Extra, Extra!

Like many academics, I moved far from my previous “home” town to a new town for a tenure track position.  It was a town I had never heard of  in a state I had never visited.  But I was young, carefree, and adventurous, ready to move far, far away from the live in lover who was not quite working out–and yes, I had an offer of a tenure track job. I figured if I hated it, I’d keep looking. 

As soon as I arrived in this unknown town in this unfamiliar state, I subscribed to the local newspaper.  I didn’t even think before I did this: As I do whenever I move to a new place, I signed up for mail delivery, garbage collection, phone service (this was before cell phones, dear youngsters), the cheapest cable package available (the only way to get more than 1 fuzzy channel), electricity, water, and yes, the local newspaper.

I’m not saying it’s the best newspaper I ever read (I lived in Brooklyn before this town, and had a lovely grad-student-priced subscription to the New York Times, so the contrast was, let’s say, brutal), but it’s the only paper in town that reports local events, news, gossip, etc.  I also get statewide news, and news from the Big City (now I know how upstate New Yorkers must have felt reading the Times).  Everyone arrested for DUI is listed in the next day’s paper (!) along with missing cats and dogs.   News about the College is reported (usually inaccurately, but still).  Historical tidbits are compiled each week (the local lawyer who plays Santa in the “Holiday” parade has been doing so for 20 years!).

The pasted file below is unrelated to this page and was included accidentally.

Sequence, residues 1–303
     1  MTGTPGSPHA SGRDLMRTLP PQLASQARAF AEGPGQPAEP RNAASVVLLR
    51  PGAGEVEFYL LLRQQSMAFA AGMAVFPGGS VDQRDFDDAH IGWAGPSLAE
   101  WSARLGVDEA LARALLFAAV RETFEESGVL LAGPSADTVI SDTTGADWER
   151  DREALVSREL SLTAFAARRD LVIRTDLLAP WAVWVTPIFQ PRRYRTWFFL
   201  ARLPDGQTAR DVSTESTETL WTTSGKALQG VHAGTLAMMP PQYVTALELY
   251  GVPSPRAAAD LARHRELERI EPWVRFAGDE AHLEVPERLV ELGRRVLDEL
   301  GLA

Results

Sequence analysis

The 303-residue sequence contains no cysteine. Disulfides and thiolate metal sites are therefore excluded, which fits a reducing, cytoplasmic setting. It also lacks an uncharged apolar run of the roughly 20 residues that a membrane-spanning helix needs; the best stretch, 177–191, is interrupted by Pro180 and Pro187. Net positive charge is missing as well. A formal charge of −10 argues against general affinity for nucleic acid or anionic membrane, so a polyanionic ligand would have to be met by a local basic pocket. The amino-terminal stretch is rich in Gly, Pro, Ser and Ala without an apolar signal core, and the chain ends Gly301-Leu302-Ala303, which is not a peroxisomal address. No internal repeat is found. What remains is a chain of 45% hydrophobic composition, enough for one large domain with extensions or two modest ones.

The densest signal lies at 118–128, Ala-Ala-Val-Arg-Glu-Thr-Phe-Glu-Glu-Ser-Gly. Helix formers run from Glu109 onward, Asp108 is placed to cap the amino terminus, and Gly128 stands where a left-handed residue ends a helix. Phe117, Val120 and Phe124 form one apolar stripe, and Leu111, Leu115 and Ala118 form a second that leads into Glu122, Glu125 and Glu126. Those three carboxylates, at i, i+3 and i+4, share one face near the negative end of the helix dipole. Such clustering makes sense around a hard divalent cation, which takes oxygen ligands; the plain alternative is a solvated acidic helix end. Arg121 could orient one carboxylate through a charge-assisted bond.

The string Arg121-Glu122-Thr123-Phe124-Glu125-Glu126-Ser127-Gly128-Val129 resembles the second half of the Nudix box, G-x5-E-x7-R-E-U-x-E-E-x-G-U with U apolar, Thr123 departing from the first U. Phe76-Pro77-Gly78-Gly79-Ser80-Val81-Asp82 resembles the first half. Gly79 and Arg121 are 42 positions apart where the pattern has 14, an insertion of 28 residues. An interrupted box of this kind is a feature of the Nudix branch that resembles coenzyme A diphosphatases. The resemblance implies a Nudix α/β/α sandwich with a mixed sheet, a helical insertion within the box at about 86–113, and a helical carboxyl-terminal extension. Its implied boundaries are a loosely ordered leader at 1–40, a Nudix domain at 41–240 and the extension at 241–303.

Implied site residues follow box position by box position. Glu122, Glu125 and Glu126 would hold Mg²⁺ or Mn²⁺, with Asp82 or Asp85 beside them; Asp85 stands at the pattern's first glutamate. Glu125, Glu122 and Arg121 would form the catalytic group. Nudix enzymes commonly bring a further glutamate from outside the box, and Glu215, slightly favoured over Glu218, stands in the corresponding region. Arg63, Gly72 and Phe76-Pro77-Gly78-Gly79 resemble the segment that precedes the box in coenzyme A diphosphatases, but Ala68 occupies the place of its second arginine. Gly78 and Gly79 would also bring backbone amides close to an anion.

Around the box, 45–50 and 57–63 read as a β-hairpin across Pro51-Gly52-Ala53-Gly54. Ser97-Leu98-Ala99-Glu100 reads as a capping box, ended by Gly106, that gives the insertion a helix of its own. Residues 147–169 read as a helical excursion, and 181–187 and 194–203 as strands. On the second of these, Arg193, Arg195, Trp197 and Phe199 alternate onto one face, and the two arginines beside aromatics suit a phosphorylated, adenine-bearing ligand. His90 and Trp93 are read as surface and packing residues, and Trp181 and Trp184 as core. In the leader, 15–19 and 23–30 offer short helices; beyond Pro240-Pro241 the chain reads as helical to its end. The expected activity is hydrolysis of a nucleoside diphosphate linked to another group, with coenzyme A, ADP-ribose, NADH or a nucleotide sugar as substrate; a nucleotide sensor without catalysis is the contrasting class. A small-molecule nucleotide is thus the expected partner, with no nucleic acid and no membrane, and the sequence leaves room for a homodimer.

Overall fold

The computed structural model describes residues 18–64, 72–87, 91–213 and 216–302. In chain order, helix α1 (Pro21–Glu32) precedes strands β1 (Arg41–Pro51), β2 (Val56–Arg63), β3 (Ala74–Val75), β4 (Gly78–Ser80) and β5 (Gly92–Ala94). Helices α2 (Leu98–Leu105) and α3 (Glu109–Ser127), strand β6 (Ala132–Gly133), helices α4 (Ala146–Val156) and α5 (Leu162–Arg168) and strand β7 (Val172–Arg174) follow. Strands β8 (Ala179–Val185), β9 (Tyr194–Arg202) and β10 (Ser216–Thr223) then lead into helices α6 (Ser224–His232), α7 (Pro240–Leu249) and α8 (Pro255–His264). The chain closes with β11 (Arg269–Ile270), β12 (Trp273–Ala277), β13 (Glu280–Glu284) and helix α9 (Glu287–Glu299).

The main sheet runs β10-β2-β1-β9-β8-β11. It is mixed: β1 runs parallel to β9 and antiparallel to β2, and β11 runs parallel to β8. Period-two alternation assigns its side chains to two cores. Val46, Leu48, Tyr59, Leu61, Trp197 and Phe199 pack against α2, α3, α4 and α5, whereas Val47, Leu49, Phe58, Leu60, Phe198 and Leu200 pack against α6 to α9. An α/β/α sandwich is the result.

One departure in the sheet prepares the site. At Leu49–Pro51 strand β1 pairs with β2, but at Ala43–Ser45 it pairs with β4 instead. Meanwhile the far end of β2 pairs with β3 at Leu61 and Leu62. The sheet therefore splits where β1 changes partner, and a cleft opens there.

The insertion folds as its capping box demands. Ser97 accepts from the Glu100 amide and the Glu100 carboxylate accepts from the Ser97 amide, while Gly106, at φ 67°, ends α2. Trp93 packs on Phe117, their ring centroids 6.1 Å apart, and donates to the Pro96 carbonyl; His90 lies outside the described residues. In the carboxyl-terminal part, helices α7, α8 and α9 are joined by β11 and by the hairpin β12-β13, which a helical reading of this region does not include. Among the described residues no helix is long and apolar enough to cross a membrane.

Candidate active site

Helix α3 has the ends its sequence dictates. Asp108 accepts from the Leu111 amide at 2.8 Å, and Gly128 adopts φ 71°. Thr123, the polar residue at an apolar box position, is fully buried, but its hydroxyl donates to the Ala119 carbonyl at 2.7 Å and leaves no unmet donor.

After a few years, a weekly alternative paper began publication, and I get that, too (heck, it’s free), so now I know even more about this formerly unknown town in this formerly unfamiliar state.

So everytime something happens in town and I begin to discuss it with colleagues from the College, and they have NO IDEA what I’m talking about because they do not 1. read the local newspaper or 2. watch the local news, I am truly, painfully appalled by and embarrassed for them.  And yet, they don’t seem embarrassed. Not in the least.  Some of these colleagues have lived in this little town for as many as 8 years, yet were totally surprised that yesterday was the big Holiday Parade downtown or that a local politician did some of the naughty or that there was a big article about the College on news that the president hadn’t exactly shared with us yet.

Not even mildly ashamed for not knowing any of that.

I just can’t imagine living in a town, knowing you will probably spend a big part of your working life in that town, and not giving  a damn about what is happening in town.  

This isn’t true of all of my colleagues, of course, but more than enough of them have absolutely no curiosity of anything happening in the town to which they contribute a serious chunk of taxes each year; a town that contributes to the fiscal viability of the College; a town where many of our students were born and reared.

Am I missing something?